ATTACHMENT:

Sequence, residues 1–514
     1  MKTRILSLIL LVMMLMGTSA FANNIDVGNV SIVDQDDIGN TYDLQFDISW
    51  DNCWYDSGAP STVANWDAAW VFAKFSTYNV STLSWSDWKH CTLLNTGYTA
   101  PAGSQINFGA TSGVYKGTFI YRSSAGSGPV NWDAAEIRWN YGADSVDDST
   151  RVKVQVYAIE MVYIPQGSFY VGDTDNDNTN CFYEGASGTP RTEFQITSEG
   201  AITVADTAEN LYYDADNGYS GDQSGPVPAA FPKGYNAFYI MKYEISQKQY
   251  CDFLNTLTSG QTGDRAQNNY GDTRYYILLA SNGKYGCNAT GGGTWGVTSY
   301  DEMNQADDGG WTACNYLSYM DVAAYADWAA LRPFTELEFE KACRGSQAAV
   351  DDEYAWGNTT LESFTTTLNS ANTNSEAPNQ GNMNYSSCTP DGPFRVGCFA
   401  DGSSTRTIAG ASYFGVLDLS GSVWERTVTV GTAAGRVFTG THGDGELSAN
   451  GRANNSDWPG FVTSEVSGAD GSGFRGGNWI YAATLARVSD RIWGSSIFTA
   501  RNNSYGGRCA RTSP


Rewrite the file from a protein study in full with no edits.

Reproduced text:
Sequence, residues 1–514
     1  MKTRILSLIL LVMMLMGTSA FANNIDVGNV SIVDQDDIGN TYDLQFDISW
    51  DNCWYDSGAP STVANWDAAW VFAKFSTYNV STLSWSDWKH CTLLNTGYTA
   101  PAGSQINFGA TSGVYKGTFI YRSSAGSGPV NWDAAEIRWN YGADSVDDST
   151  RVKVQVYAIE MVYIPQGSFY VGDTDNDNTN CFYEGASGTP RTEFQITSEG
   201  AITVADTAEN LYYDADNGYS GDQSGPVPAA FPKGYNAFYI MKYEISQKQY
   251  CDFLNTLTSG QTGDRAQNNY GDTRYYILLA SNGKYGCNAT GGGTWGVTSY
   301  DEMNQADDGG WTACNYLSYM DVAAYADWAA LRPFTELEFE KACRGSQAAV
   351  DDEYAWGNTT LESFTTTLNS ANTNSEAPNQ GNMNYSSCTP DGPFRVGCFA
   401  DGSSTRTIAG ASYFGVLDLS GSVWERTVTV GTAAGRVFTG THGDGELSAN
   451  GRANNSDWPG FVTSEVSGAD GSGFRGGNWI YAATLARVSD RIWGSSIFTA
   501  RNNSYGGRCA RTSP